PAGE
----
Co2 geological sequestration

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Human activities are increasingly altering the Earth's climate. A particular concern is that atmospheric concentrations of carbon dioxide (CO{sub 2}) may be rising fast because of increased industrialization. CO{sub 2} is a so-called ''greenhouse gas'' that traps infrared radiation and may contribute to global warming. Scientists project that greenhouse gases such as CO{sub 2} will make the arctic warmer, which would melt glaciers and raise sea levels. Evidence suggests that climate change may already have begun to affect ecosystems and wildlife around the world. Some animal species are moving from one habitat to another to adapt to warmer temperatures. Future ... continued below

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Xu, Tianfu November 18, 2004.

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Human activities are increasingly altering the Earth's climate. A particular concern is that atmospheric concentrations of carbon dioxide (CO{sub 2}) may be rising fast because of increased industrialization. CO{sub 2} is a so-called ''greenhouse gas'' that traps infrared radiation and may contribute to global warming. Scientists project that greenhouse gases such as CO{sub 2} will make the arctic warmer, which would melt glaciers and raise sea levels. Evidence suggests that climate change may already have begun to affect ecosystems and wildlife around the world. Some animal species are moving from one habitat to another to adapt to warmer temperatures. Future warming is likely to exceed the ability of many species to migrate or adjust. Human production of CO{sub 2} from fossil fuels (such as at coal-fired power plants) is not likely to slow down soon. It is urgent to find somewhere besides the atmosphere to put these increased levels of CO{sub 2}. Sequestration in the ocean and in soils and forests are possibilities, but another option, sequestration in geological formations, may also be an important solution. Such formations could include depleted oil and gas reservoirs, unmineable coal seams, and deep saline aquifers. In many cases, injection of CO2 into a geological formation can enhance the recovery of hydrocarbons, providing value-added byproducts that can offset the cost of CO{sub 2} capture and sequestration. Before CO{sub 2} gas can be sequestered from power plants and other point sources, it must be captured. CO{sub 2} is also routinely separated and captured as a by-product from industrial processes such as synthetic ammonia production, H{sub 2} production, and limestone calcination. Then CO{sub 2} must be compressed into liquid form and transported to the geological sequestration site. Many power plants and other large emitters of CO{sub 2} are located near geological formations that are amenable to CO{sub 2} sequestration.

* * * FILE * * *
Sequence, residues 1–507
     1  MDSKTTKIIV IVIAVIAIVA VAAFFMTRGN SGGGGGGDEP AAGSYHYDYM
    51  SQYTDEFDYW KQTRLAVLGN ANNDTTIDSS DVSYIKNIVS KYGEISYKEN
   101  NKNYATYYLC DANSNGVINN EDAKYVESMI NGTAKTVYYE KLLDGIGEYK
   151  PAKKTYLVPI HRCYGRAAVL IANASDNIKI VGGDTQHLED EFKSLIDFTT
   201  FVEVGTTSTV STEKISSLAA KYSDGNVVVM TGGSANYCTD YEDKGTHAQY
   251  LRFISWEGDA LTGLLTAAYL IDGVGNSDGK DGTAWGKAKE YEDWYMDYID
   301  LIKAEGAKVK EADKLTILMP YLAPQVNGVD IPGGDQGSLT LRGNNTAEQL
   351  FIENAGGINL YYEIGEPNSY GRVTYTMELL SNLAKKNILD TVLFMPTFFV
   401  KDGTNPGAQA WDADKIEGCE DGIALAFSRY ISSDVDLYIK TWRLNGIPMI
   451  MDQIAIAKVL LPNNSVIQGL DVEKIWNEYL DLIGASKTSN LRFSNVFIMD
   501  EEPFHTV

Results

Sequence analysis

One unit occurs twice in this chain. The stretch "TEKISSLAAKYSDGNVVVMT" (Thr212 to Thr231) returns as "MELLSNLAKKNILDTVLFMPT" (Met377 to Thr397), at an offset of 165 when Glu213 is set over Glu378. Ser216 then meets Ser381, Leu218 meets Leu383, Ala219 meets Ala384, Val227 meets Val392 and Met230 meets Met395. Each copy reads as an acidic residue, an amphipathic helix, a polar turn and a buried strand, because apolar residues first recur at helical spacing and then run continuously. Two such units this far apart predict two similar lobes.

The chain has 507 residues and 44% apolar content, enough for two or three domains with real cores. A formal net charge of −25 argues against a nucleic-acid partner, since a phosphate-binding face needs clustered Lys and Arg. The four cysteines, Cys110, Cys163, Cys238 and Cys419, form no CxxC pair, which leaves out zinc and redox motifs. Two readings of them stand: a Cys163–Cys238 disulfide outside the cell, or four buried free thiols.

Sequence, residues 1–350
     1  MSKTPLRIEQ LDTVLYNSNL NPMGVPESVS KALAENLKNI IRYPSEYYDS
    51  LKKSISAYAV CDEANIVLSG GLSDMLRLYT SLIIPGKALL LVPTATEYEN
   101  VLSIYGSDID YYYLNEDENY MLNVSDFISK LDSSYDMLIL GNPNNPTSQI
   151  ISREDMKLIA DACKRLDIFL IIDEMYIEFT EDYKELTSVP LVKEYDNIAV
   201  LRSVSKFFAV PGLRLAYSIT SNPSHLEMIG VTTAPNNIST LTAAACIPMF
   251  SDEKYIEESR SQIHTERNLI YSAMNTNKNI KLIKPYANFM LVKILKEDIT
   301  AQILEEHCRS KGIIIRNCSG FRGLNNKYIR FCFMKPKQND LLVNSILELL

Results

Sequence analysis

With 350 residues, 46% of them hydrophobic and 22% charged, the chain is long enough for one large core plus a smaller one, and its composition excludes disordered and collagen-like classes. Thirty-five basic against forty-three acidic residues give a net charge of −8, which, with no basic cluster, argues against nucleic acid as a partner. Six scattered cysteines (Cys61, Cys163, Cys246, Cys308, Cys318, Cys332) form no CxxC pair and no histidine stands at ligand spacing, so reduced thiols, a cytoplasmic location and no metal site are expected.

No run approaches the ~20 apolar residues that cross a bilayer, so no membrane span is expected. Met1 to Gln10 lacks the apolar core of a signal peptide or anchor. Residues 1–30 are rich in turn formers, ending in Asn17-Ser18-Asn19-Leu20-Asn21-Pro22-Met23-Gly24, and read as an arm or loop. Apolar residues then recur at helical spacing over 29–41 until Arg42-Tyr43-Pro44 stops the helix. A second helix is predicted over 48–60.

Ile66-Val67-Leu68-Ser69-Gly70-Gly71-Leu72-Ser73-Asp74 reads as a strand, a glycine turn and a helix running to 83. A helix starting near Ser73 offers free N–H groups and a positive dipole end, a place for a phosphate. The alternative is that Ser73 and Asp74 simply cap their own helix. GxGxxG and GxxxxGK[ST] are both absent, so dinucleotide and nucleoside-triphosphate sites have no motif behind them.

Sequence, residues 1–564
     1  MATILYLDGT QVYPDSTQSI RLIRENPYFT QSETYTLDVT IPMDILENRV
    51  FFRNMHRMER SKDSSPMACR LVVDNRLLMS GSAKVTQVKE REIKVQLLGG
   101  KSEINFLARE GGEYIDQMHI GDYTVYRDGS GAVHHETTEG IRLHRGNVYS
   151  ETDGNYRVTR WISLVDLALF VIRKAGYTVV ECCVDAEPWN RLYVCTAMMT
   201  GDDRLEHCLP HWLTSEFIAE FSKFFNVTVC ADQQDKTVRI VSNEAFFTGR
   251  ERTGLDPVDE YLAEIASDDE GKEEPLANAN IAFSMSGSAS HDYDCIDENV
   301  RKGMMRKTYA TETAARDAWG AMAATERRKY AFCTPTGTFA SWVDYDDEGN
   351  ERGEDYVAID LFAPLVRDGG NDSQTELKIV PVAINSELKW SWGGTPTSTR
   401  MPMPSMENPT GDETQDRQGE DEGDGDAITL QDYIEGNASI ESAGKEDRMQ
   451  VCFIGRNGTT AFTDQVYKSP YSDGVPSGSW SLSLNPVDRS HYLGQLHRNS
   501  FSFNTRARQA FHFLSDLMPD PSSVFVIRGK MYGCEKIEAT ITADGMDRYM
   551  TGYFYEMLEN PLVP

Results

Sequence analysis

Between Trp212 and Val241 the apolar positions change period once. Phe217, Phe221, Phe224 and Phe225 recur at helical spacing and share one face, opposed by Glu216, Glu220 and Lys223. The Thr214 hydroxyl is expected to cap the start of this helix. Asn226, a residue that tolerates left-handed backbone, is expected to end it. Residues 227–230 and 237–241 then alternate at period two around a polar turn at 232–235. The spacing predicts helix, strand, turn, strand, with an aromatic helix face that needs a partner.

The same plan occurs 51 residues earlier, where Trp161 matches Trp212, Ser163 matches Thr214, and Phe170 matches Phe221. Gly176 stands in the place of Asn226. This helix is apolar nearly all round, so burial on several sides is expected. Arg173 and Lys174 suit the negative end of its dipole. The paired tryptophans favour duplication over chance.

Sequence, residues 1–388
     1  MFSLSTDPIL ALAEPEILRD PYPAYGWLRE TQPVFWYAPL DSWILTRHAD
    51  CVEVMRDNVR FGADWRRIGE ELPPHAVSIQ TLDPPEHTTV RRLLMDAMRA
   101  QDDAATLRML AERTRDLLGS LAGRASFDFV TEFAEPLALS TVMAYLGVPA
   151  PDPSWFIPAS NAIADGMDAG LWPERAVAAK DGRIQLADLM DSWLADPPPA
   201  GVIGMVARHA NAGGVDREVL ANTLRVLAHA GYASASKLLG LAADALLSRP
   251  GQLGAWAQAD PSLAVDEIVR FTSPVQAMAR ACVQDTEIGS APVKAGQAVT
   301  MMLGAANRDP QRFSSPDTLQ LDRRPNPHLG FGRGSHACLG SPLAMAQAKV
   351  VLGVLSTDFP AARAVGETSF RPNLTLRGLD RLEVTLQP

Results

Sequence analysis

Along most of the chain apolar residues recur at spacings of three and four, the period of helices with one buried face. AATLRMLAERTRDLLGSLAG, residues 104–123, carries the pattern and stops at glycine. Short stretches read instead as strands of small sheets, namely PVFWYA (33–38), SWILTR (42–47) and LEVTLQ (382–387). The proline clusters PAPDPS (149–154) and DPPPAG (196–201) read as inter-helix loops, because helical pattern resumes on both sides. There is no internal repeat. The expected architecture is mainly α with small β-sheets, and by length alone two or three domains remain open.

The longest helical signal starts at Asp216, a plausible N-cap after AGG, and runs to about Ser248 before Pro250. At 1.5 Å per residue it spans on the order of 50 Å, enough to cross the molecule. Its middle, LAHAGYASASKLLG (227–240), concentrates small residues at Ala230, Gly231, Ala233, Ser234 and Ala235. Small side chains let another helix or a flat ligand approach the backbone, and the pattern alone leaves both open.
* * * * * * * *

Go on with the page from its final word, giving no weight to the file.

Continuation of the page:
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  • Journal Name: Encyclopedic Knowledge Chinese Encyclopedic Press; Journal Volume: 307; Related Information: Journal Publication Date: 2005

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  • Report No.: LBNL--56644-JArt
  • Grant Number: DE-AC02-05CH11231
  • Office of Scientific & Technical Information Report Number: 881725
  • Archival Resource Key: ark:/67531/metadc885565

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Office of Scientific & Technical Information Technical Reports

Reports, articles and other documents harvested from the Office of Scientific and Technical Information.

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  • November 18, 2004

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  • Sept. 21, 2016, 2:29 a.m.

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  • Dec. 16, 2016, 1:02 p.m.

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Xu, Tianfu. Co2 geological sequestration, article, November 18, 2004; Berkeley, California. (digital.library.unt.edu/ark:/67531/metadc885565/: accessed May 23, 2018), University of North Texas Libraries, Digital Library, digital.library.unt.edu; crediting UNT Libraries Government Documents Department.